Any large supermarket is going to have a lifetime's supply of vitamins. There will also be canned goods with plenty of vitamin C. As others have pointed out, canned goods are guaranteed for 3-5 years, but will often last much, much longer.

No. A human requires +/- 2 liters of water per day, on average. Absent urine filtration, you're not going to have enough water even if you do have enough food.

As pointed out earlier, if you aren't out working in the hot sun you don't need to drink that water directly, you'll get most if not all of it from the food. Lots of people seem to have swallowed the line about humans needing to "drink" 8 8-oz glasses of water a day but it just ain't true.

Does the hypothetical supermarket sell alcohol?

Yes! A great point. A large supermarket will have a lifetime's supply of alcohol if you are careful. You could preserve enough fruits and vegetables to last for a long time.
posted by Justinian at 9:02 PM on March 30, 2013 [2 favorites]


I should say that I agree water would be the limiting factor in the long run, I just think that long run is a lot longer than some folks believe it is. You would be going through the potable water much more slowly than a gallon a day but you would go through it.

Of course the entire exercise is an artificially constrained hypothetical anyway. There's no reason you'd be stuck inside one grocery store. Assuming you don't live in the middle of a desert you could stick rain collectors on the roof.
posted by Justinian at 9:09 PM on March 30, 2013


Water should be no problem: build a solar still. Or a bunch of them. All you really need are containers (plenty in the supermarket) and a plastic sheet (if nothing else, can be constructed from Saran wrap). The long plastic tube is just a convenience.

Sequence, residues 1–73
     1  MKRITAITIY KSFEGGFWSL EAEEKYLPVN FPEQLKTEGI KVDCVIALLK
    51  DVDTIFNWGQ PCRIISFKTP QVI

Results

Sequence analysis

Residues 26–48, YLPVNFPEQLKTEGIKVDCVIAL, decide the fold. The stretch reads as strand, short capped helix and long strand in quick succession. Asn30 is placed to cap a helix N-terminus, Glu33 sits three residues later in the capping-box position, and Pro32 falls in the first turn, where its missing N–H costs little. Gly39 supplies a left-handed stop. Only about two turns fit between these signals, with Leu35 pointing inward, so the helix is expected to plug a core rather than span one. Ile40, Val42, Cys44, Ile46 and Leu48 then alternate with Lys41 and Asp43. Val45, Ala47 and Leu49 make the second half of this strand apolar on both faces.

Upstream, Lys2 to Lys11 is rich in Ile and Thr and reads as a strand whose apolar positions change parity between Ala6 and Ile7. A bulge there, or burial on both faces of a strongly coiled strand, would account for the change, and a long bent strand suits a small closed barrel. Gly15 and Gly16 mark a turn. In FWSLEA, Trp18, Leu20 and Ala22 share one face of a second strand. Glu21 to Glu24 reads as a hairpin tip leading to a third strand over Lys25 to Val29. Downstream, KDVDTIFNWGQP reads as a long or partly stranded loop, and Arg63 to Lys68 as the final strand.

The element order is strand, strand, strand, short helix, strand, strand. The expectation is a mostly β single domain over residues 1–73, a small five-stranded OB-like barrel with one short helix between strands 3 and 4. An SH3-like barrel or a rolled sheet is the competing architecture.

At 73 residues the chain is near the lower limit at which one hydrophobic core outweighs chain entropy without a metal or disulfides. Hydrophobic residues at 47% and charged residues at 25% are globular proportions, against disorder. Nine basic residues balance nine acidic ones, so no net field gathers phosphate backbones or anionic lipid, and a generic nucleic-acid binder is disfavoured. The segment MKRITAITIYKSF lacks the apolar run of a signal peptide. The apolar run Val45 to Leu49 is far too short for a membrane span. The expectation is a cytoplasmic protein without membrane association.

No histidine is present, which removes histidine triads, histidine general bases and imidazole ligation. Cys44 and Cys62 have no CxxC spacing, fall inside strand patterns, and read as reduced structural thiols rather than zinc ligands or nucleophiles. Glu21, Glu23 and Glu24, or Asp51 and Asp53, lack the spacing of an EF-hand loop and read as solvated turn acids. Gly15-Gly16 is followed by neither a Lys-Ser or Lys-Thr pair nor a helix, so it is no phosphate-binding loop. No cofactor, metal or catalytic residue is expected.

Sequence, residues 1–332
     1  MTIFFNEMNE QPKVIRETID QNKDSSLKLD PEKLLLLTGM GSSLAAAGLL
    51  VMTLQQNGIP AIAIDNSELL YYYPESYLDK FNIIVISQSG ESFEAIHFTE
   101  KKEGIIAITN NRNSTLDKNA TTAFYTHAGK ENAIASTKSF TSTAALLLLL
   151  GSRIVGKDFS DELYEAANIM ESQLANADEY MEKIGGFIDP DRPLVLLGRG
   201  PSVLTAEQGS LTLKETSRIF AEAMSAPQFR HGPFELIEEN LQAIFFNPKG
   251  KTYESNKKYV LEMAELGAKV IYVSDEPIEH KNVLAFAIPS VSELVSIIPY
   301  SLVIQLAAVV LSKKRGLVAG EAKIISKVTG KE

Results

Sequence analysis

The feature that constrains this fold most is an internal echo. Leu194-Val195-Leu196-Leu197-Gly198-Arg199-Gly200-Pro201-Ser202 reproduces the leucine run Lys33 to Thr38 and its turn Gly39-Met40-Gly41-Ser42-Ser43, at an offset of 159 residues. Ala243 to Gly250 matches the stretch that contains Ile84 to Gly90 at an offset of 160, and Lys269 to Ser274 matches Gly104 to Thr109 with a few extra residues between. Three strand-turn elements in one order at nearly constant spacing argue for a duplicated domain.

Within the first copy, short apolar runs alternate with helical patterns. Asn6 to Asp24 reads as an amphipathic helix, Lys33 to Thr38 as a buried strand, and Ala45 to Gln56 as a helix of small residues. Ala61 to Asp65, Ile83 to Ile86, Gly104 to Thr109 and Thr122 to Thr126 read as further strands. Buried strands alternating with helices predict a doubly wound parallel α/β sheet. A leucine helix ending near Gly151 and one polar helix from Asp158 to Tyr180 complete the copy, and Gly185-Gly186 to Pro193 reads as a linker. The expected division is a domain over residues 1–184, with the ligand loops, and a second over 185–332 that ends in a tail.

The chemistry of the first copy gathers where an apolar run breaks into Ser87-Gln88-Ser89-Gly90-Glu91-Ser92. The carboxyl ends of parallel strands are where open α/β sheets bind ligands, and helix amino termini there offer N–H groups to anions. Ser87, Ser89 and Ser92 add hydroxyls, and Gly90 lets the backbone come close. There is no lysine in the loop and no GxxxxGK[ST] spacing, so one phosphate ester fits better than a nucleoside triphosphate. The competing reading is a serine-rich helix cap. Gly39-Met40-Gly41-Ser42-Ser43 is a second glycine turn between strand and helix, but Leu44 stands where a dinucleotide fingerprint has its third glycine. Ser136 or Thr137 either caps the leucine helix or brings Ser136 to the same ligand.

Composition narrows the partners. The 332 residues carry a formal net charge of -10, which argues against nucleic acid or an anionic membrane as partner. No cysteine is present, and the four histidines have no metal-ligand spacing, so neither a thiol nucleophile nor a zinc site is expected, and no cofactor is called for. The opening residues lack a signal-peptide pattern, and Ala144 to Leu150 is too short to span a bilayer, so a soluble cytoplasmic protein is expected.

The meats should probably be preserved by salting. You've also got all the ingredients for pickling. Though any seeds should be planted. (If you can get a garden going, the store could support a fair-sized household.)

Better make the milk into cheese right away. (Rennet might be available in the store... a cheese press, maybe not. But surely you can improvise.) Cheese covered in wax will keep for quite a while.

Watch out for Super-Mutants!
posted by zompist at 9:25 PM on March 30, 2013 [2 favorites]


Better make the milk into cheese right away. (Rennet might be available in the store... a cheese press, maybe not. But surely you can improvise.)

You can make simple cheeses with lemon juice or vinegar in place of rennet. These cheeses would be harder to preserve, but you could brine them to make a sort of feta.
posted by Sara C. at 9:42 PM on March 30, 2013 [1 favorite]


The median U.S. supermarket is 50,000 feet^2 (4,000 m^2), and carries about 1 unique item (SKU) per square foot. Assuming that 10% of the items are liquid, you're looking at 5,000 different drinks. Times 5 items in stock per item is 25,000 drinks. 40 years is a little less than 15,000 days, so you could have two drinks a day. That's not even taking into account the liquid in canned goods, which is substantial. Given that my estimate is conservative, I think you'd be fine.
posted by wnissen at 10:19 PM on March 30, 2013 [4 favorites]


It's a shame the survivor can't access fuel and a generator, because I imagine storing some of the canned food in freezers would add considerably to its lifespan.

Thousands of items of Edwardian food, including tins of sardines, ox tongue, pâté, Heinz baked beans and biscuits remain stored in both Scott's and Shackleton's Antarctic cabins, and I understand that some of that food is still considered edible. See also: Port Lockroy.